The only exception that comes to mind is Springs Toledo, who spent his own low income dollars to fly—with lady friend in tow—from Massachusetts, to Colorado, and back to Massachusetts, all to bring you archived facts for the Jackie Chase story. He also spends countless hours in Harvard's library so you are enabled to walk five feet from your bed -to your laptop and read another unearthed gladiator that clearly deserves your attention. He always introduces a fresh topic, doesn't mention racketeer acronyms disease, and brings justice to an otherwise forgotten gem, all while their survivors can re-live the glory this family member contributed to Boxiana.  I speak of his unique and timely series on The Black Murderer's Row and sending The Cocoa Kid to Boxiana's International Hall of Fame, among other new language dissertations he's presented.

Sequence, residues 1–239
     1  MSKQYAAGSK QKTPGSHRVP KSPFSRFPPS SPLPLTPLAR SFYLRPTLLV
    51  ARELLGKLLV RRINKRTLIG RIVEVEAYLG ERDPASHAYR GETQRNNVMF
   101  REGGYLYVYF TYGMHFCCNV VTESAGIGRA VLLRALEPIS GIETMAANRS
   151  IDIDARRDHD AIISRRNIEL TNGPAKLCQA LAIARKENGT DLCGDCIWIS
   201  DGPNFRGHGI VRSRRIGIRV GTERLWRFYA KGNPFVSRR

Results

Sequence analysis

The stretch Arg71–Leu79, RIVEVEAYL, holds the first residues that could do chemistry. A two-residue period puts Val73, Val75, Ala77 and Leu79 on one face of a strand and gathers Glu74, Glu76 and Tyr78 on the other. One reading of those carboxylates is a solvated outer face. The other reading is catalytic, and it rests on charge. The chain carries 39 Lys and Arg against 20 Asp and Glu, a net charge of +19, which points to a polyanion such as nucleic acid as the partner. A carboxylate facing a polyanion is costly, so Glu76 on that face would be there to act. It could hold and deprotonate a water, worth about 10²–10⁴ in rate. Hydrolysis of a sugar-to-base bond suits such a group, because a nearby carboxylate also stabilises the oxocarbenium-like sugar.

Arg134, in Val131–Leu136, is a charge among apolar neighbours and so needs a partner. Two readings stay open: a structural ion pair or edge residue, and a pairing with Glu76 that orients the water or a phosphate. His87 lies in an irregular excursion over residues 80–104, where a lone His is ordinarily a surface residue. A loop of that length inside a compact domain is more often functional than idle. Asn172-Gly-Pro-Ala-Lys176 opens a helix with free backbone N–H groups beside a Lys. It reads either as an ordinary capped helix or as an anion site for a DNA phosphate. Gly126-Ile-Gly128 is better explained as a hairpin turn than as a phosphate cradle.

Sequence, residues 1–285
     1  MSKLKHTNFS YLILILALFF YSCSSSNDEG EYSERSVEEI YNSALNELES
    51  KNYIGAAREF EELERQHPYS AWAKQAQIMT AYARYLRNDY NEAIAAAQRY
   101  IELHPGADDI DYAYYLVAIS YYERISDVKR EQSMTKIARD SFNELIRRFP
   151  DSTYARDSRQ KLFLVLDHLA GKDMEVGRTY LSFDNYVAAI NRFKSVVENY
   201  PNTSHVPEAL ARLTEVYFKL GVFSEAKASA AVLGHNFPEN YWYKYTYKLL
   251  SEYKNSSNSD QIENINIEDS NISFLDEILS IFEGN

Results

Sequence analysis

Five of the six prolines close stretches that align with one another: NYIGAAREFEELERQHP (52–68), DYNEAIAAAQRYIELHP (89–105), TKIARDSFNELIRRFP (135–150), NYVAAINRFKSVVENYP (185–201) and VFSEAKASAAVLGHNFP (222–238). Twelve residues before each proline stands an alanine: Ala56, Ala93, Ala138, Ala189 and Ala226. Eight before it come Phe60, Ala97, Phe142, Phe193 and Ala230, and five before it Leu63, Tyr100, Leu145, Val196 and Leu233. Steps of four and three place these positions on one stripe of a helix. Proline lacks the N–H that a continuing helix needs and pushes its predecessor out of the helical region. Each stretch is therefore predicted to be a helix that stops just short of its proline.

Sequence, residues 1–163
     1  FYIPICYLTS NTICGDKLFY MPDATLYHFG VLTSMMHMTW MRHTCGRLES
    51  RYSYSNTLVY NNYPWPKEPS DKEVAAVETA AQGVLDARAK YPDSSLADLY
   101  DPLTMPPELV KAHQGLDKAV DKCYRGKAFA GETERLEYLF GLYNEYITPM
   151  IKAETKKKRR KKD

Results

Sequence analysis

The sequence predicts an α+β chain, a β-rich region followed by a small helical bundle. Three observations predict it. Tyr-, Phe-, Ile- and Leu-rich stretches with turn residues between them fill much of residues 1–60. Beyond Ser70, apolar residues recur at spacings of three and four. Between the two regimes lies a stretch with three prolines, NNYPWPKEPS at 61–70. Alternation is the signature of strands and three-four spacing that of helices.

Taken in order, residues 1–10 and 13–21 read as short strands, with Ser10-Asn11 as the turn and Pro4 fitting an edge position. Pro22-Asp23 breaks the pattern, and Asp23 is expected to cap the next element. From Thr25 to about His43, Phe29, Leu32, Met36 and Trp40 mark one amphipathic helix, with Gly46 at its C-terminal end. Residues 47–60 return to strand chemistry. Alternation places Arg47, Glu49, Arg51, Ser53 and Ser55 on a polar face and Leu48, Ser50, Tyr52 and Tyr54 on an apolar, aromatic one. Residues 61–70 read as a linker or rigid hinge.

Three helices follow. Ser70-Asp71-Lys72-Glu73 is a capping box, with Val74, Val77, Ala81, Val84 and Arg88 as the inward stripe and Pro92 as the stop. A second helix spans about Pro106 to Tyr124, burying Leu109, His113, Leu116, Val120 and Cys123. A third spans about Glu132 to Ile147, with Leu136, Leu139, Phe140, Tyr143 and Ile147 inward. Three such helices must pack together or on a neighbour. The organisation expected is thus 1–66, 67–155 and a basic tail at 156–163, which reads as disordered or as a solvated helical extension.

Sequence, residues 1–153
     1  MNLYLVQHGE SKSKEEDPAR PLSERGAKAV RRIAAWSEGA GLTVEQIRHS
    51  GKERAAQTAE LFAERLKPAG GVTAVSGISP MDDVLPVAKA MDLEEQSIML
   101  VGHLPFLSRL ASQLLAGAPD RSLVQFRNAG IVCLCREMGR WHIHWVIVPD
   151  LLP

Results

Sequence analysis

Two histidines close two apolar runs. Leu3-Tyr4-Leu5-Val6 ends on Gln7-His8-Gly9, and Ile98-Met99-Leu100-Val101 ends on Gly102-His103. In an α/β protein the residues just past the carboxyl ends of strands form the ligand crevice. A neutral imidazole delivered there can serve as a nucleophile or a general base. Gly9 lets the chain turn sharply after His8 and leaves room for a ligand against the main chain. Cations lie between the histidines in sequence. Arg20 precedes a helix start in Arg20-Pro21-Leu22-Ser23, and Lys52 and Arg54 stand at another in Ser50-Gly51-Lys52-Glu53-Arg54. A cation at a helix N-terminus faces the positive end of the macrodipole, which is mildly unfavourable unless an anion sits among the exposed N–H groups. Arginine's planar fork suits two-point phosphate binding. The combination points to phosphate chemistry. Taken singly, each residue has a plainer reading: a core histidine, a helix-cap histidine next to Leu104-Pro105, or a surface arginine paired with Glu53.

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I was compelled to write this third installment because people are still crediting Mayweather—even now—with impressive ring generalship. The height of ring generalship is measured by the content of your adversary.  A pertinent example would be the ring generalship of Ray Leonard -Thomas Hearns 1.  This was a confrontation that made both men fistically confess to one another as often—and as fluidly, inevitably, rhythmically—as the changing of the tides.  Or more recently, what Sergio Martinez demonstrated while charming Kelly Pavlik and Paul Williams, twice.  Chad Dawson, while still under his winner's high after dethroning Bernard Hopkins, challenged Andre Ward.  Unlike Floyd, Dawson dared to be great by seeking the most dominant boxer within weight range.  Mayweather has never shown the willingness and eagerness that Chad orchestrated and carried out.  Ward's ring generalship should be praised.  If Dawson experienced weight issues, its irrelevant.